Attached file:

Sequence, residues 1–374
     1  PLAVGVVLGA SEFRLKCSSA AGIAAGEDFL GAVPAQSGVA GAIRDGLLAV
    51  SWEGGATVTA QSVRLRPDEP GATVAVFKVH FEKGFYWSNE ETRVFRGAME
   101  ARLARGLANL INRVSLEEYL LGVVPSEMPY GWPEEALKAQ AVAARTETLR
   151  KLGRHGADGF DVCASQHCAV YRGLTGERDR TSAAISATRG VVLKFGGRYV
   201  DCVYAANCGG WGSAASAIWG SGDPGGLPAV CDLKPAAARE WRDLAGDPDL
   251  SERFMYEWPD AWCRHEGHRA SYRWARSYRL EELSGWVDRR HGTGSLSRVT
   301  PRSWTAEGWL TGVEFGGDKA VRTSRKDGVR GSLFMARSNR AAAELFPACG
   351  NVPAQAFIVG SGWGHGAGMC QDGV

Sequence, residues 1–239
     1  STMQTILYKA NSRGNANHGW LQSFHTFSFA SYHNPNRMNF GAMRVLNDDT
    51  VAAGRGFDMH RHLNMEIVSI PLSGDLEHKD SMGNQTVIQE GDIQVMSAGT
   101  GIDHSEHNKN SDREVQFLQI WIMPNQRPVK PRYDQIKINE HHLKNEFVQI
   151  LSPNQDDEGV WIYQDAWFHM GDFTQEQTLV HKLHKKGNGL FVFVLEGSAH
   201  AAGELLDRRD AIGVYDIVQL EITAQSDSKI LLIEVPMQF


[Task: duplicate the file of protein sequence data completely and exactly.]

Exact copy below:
Sequence, residues 1–374
     1  PLAVGVVLGA SEFRLKCSSA AGIAAGEDFL GAVPAQSGVA GAIRDGLLAV
    51  SWEGGATVTA QSVRLRPDEP GATVAVFKVH FEKGFYWSNE ETRVFRGAME
   101  ARLARGLANL INRVSLEEYL LGVVPSEMPY GWPEEALKAQ AVAARTETLR
   151  KLGRHGADGF DVCASQHCAV YRGLTGERDR TSAAISATRG VVLKFGGRYV
   201  DCVYAANCGG WGSAASAIWG SGDPGGLPAV CDLKPAAARE WRDLAGDPDL
   251  SERFMYEWPD AWCRHEGHRA SYRWARSYRL EELSGWVDRR HGTGSLSRVT
   301  PRSWTAEGWL TGVEFGGDKA VRTSRKDGVR GSLFMARSNR AAAELFPACG
   351  NVPAQAFIVG SGWGHGAGMC QDGV

Sequence, residues 1–239
     1  STMQTILYKA NSRGNANHGW LQSFHTFSFA SYHNPNRMNF GAMRVLNDDT
    51  VAAGRGFDMH RHLNMEIVSI PLSGDLEHKD SMGNQTVIQE GDIQVMSAGT
   101  GIDHSEHNKN SDREVQFLQI WIMPNQRPVK PRYDQIKINE HHLKNEFVQI
   151  LSPNQDDEGV WIYQDAWFHM GDFTQEQTLV HKLHKKGNGL FVFVLEGSAH
   201  AAGELLDRRD AIGVYDIVQL EITAQSDSKI LLIEVPMQF